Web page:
The remains were never accessioned to the museum, which means that they were never the museum’s responsibility to validate, catalogue, store, and make available to research and the public. According to the report this never happened because according to Mann and Monge, the goal ultimately was to return them to the Africa family. This is puzzling to me for two reasons. First it is unclear why the museum would want to accept such a problematic donation in the first place, and second, because the reason they initially were withheld was because the Medical Examiner, Mann, and Monge concluded that the remains could not be attributed to Katricia Africa because of their age estimation. While the museum never formally accepted the bones, they remained within its walls. In the report it is stated that the curators felt OK with this because they were stored in safe conditions. Yet, the report points out, that the curators seem to not have had complete control of what happened to the bones. Mann is quoted saying: “I do not specifically recall, apart from the re-examining the bone fragments, what we did with the fragments after we secured them at the Penn Museum.” Had the bones been subject to a clear process of accession, they may in fact have recieved better protection. In 2017 the museum drafted a policy “addressing the use and display of the accessioned human remains in the Museum’s collection”. However, these guidelines to not concern unaccessioned remains like those of B-1, a category that according to the former Director of the Penn Museum, Julian Siggers, may be quite common in University museums across the US.

What we have here is an interesting unregulated grey area. Both the current and previous directors of the Museum were aware of the presence of the MOVE bones, but did not think that their presence or use violated any museum policies. In fact, because they were never accessioned, they did not fall under the guidelines of the Institute of Museum Ethics on the treatment of human remains or the American Alliance of Museum’s Code of Ethics section on Collections. When reviewing case law and statutes concerning liability for the mishandling of human remains, the report also concludes that the case falls through the legal cracks, “because statutes or holding by their terms the requisite states of mind required for liability were not present, or the statutes of limitations had run on any potential claims.” The case is further complicated by the fact that as long as the bones remain unidentified, it is difficult to identify the proper claimant. In the end, what we are left with are ethical professional guidelines.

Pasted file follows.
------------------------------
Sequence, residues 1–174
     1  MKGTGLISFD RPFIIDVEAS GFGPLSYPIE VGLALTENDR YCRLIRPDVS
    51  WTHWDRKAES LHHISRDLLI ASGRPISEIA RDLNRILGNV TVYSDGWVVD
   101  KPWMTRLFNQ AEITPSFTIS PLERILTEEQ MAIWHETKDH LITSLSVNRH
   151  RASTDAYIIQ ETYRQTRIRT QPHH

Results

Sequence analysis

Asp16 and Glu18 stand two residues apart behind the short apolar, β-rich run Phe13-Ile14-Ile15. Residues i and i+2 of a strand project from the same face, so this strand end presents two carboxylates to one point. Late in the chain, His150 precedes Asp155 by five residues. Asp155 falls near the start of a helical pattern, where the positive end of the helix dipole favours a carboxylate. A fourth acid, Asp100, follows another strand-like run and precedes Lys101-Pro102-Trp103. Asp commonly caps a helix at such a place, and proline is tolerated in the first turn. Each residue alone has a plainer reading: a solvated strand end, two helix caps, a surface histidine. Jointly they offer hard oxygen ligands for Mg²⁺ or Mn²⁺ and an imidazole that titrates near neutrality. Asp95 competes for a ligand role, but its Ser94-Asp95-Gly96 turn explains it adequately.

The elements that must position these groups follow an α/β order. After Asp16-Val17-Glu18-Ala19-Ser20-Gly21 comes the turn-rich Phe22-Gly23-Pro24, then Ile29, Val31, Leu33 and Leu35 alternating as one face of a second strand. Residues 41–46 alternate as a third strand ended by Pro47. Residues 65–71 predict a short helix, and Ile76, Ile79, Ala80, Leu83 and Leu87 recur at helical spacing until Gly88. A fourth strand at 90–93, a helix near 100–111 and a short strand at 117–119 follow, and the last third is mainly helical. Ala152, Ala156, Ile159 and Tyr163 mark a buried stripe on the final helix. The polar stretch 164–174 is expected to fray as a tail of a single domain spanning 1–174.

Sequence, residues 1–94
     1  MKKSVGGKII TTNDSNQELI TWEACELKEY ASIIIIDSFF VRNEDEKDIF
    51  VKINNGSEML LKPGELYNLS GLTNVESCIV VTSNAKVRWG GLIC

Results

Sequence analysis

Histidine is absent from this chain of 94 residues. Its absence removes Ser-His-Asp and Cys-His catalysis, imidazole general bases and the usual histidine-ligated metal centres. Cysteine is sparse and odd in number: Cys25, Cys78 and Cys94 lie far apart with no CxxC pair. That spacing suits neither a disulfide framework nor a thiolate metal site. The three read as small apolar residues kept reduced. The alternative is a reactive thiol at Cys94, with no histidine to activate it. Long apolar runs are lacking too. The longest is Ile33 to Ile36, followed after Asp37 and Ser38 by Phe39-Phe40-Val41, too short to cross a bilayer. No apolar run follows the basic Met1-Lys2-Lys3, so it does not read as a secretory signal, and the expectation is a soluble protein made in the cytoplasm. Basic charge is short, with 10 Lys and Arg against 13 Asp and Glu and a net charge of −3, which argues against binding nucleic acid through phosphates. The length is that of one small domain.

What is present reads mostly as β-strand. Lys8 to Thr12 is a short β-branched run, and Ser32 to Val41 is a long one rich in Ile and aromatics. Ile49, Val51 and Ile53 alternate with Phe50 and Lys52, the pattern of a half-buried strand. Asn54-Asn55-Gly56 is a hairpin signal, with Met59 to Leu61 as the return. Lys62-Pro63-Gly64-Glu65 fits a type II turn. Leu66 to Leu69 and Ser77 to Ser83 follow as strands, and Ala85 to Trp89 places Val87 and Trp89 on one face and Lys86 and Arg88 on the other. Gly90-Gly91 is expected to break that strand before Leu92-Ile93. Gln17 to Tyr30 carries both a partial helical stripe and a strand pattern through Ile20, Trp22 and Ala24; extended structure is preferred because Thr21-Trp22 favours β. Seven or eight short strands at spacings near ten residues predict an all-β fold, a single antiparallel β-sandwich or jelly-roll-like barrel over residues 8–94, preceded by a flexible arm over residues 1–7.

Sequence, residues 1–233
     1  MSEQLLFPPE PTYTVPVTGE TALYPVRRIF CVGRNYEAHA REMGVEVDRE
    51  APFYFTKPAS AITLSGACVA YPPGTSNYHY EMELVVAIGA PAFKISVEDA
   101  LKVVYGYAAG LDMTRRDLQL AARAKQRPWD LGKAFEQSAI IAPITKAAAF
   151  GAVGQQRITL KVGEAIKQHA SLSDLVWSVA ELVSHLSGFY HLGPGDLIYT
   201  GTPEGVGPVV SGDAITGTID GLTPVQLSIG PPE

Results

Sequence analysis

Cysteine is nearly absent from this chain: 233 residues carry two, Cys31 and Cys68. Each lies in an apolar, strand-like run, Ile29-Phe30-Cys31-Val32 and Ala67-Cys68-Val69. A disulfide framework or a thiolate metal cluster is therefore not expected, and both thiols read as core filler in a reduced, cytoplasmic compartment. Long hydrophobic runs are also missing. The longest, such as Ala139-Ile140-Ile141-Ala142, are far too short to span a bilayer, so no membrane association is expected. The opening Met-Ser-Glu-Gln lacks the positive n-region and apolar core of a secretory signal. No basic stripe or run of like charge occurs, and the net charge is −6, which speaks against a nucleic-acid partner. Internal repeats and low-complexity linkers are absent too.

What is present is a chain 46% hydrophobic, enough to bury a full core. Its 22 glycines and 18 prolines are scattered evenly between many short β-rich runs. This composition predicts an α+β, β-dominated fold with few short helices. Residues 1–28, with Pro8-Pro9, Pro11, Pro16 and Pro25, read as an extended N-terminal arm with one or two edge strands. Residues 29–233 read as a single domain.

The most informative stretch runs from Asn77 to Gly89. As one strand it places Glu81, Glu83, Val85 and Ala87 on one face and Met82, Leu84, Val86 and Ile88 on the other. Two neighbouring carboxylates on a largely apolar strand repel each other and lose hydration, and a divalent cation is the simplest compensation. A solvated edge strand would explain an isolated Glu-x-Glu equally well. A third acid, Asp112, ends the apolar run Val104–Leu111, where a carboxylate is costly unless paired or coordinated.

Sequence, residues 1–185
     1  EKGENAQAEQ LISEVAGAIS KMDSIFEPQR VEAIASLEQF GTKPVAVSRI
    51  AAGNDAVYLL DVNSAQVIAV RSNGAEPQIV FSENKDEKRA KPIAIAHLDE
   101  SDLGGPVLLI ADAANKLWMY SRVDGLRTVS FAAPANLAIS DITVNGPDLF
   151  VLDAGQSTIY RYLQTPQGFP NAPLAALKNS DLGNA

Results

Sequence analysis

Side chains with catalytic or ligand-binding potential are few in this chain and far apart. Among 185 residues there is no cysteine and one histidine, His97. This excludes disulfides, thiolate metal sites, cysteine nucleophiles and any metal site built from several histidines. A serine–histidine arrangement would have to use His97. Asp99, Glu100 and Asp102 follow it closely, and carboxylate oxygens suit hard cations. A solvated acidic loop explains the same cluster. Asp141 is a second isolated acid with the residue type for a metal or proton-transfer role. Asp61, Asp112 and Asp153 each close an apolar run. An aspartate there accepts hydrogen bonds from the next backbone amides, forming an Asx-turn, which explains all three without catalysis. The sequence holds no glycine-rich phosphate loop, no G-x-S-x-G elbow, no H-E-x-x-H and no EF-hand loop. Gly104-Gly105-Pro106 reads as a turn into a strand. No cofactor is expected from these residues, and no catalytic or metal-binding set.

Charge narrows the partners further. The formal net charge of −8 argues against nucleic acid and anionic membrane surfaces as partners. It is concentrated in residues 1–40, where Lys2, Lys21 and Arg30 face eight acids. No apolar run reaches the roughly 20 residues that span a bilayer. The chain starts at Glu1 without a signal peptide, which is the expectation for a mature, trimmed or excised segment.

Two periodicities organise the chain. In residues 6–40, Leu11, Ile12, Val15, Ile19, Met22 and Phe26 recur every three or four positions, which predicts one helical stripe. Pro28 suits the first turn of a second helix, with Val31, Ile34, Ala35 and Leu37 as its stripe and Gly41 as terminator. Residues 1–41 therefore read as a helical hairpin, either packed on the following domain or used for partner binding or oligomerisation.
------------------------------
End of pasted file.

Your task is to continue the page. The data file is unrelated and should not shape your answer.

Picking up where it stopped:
In the end the report states that it is not possible to conclude that the actions taken by Mann and Monge were “unethical as such.” It reprimands them for their “cavalier” treatment of the remains and for displaying “extremely poor judgment and gross insensitivity to the moral, social, and political implications of their conduct.” Their actions were, the report states “inconsistent with the implied overarching principle of the respectful treatment of human remains.” But they never broke the law.

While not illegal – and formally not unethical – the whole ordeal is upsetting. It clearly illustrates the vast grey areas that still exist in the field of research ethics when it comes to human remains. As researchers and institutions become increasingly aware of their ethical responsibilities, the field will need better practices and guidelines to prevent this kind of behaviour in the future. In the end, it does not only hurt stakeholders, it damages the reputation of biological anthropology and undermines our credibility as researchers.

Image credit banner: “Figures of Justice” by Clearly Ambiguous is licensed with CC BY 2.0. To view a copy of this license, visit https://creativecommons.org/licenses/by/2.0/

Real Bones. The Scandalous Case of the Remains of Katricia Africa.